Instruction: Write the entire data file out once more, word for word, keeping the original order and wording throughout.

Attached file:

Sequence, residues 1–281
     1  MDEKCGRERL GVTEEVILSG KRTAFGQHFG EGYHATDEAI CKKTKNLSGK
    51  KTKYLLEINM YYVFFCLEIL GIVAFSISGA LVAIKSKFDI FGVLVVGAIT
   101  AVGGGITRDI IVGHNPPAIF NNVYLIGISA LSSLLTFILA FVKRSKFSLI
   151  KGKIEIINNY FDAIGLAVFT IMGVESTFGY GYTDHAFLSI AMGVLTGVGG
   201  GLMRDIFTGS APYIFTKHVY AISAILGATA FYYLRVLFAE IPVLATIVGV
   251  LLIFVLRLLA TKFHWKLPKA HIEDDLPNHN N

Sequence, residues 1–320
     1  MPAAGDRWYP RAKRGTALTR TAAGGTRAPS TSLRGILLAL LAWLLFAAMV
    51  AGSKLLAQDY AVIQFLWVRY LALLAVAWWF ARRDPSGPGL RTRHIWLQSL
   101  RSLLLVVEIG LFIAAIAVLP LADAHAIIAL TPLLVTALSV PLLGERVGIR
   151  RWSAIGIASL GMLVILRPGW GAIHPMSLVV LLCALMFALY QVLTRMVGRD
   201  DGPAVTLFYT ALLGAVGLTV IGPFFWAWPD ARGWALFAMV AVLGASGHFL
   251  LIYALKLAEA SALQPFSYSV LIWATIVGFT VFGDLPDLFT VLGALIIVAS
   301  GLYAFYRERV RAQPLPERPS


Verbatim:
Sequence, residues 1–281
     1  MDEKCGRERL GVTEEVILSG KRTAFGQHFG EGYHATDEAI CKKTKNLSGK
    51  KTKYLLEINM YYVFFCLEIL GIVAFSISGA LVAIKSKFDI FGVLVVGAIT
   101  AVGGGITRDI IVGHNPPAIF NNVYLIGISA LSSLLTFILA FVKRSKFSLI
   151  KGKIEIINNY FDAIGLAVFT IMGVESTFGY GYTDHAFLSI AMGVLTGVGG
   201  GLMRDIFTGS APYIFTKHVY AISAILGATA FYYLRVLFAE IPVLATIVGV
   251  LLIFVLRLLA TKFHWKLPKA HIEDDLPNHN N

Sequence, residues 1–320
     1  MPAAGDRWYP RAKRGTALTR TAAGGTRAPS TSLRGILLAL LAWLLFAAMV
    51  AGSKLLAQDY AVIQFLWVRY LALLAVAWWF ARRDPSGPGL RTRHIWLQSL
   101  RSLLLVVEIG LFIAAIAVLP LADAHAIIAL TPLLVTALSV PLLGERVGIR
   151  RWSAIGIASL GMLVILRPGW GAIHPMSLVV LLCALMFALY QVLTRMVGRD
   201  DGPAVTLFYT ALLGAVGLTV IGPFFWAWPD ARGWALFAMV AVLGASGHFL
   251  LIYALKLAEA SALQPFSYSV LIWATIVGFT VFGDLPDLFT VLGALIIVAS
   301  GLYAFYRERV RAQPLPERPS